After stripping off the components, my friend Kurt helped me finish what I started with a Dremel; we ground off the brake bosses (we're going disc brakes here, so those are useless) and kickstand plate.

Sorry, kids; no, you can't have a kickstand on your bike.
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12/15/17
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Since I'm both happy with my bikes and have no room for anything additional, I've decided to have some fun with the next bike for my [recently-turned] 4yo. He's currently riding an Isla CNOC 14, which is great, but having gears is a complete game changer.

This project wasn't really something I was looking for. But someone down the street decided to throw away a Scott Scale 20 kids bike ... and so it begins.

Anything steel has rusted out. The fork is terrible (and putting a fork on a kids bike is ridiculous). And it must weigh 30lbs. But the frame seems decent. THe specs are nice. We can fix this.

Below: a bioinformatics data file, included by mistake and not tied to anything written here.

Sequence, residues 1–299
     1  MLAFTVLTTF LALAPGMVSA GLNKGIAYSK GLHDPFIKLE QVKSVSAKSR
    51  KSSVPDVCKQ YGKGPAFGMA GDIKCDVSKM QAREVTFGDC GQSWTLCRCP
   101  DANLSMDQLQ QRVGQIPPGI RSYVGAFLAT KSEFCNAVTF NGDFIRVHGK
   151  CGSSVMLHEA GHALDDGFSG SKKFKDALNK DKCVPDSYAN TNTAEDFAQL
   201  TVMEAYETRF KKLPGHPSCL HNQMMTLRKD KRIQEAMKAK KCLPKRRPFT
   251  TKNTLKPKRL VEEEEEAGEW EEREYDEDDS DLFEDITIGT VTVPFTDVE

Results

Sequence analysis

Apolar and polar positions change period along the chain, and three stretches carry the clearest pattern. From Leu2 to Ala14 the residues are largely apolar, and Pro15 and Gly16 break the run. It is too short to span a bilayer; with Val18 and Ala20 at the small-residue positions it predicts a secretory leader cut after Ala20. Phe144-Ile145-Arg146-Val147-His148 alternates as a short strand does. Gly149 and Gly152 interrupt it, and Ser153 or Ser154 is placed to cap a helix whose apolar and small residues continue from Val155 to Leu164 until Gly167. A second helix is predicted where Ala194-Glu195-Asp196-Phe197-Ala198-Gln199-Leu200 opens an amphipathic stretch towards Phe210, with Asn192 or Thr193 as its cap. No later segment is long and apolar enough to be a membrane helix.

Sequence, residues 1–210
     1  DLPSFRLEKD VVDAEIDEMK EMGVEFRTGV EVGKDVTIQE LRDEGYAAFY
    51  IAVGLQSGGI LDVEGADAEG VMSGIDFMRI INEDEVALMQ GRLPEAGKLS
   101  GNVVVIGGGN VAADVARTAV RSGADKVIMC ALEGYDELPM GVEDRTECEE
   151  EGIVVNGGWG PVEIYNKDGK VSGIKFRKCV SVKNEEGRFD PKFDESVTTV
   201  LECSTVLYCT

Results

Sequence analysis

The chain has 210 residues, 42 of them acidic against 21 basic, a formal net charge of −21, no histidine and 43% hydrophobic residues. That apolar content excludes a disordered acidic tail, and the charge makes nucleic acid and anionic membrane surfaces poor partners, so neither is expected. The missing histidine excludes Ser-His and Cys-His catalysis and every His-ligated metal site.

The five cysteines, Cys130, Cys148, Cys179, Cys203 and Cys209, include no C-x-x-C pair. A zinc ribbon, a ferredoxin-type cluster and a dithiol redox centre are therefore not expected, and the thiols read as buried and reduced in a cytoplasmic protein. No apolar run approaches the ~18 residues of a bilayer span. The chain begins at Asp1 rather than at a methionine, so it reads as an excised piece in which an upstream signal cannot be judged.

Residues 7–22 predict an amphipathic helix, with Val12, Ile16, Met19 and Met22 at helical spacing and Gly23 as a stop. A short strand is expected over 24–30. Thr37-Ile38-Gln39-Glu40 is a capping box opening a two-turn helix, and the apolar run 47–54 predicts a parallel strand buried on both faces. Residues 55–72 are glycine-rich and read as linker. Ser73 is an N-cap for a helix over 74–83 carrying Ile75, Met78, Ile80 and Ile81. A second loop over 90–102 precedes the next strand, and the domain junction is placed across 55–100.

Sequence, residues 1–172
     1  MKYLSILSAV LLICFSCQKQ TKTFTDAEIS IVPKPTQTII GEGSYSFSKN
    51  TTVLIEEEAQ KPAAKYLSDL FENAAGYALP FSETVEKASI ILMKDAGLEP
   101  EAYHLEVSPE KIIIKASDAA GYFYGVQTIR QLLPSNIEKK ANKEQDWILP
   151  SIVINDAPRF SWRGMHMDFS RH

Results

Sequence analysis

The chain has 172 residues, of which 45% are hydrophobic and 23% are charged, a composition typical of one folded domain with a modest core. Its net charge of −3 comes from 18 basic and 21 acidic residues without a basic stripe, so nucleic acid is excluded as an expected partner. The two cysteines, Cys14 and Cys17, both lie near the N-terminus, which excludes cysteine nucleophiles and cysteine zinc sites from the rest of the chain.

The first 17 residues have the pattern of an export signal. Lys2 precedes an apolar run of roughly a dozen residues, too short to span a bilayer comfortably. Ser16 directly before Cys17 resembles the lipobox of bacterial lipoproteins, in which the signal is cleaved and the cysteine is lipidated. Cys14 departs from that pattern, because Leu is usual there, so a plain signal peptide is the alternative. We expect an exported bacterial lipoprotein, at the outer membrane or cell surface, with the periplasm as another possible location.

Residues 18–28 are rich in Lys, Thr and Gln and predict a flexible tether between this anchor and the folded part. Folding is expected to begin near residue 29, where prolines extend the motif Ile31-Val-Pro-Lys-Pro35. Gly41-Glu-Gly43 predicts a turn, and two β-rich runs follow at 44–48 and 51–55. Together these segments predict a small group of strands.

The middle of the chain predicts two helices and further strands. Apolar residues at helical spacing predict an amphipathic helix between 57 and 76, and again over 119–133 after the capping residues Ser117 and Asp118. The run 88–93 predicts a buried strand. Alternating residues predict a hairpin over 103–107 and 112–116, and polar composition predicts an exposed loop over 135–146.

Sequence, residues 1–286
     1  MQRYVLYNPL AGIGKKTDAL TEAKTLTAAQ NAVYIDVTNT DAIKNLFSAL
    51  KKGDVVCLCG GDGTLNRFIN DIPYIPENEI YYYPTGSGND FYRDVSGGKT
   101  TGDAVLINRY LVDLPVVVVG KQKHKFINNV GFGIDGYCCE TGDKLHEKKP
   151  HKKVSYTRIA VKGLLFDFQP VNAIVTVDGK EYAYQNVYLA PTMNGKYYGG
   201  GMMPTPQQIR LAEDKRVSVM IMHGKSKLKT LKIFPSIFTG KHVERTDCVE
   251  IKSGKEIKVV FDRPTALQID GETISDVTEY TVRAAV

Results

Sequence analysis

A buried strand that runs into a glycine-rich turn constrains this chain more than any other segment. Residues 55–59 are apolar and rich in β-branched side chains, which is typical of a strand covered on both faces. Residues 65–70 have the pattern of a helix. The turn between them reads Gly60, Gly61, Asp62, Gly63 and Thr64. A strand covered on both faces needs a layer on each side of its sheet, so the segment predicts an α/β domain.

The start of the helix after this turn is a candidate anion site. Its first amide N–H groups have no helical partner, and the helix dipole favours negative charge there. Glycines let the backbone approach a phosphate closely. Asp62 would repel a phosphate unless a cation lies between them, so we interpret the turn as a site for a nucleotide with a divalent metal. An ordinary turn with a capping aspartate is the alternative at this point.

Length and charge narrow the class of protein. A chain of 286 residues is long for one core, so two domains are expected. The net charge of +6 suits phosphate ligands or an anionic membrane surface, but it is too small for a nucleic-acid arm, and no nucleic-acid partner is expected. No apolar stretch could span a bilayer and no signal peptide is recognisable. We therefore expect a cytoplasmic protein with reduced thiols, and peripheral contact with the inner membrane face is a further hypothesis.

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New bike (frame) day!

Loving this frame by Waltly Ti. http://waltlytitanium.com/

Tapered HT. Thru axle. Fender and rack mounts. Clearance for ~45mm tires.
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Waltly Titanium Coupler Travel Bike
Well, I knew it'd be only a matter of time. The Justification I have an opportunity to do some travel where I'd want to have a bike, the duration would be too long to afford renting a bike, and to much of a logistics nightmare to take a full-size bike box. ...
Waltly Titanium Coupler Travel Bike
Waltly Titanium Coupler Travel Bike
snakesthatbite.blogspot.com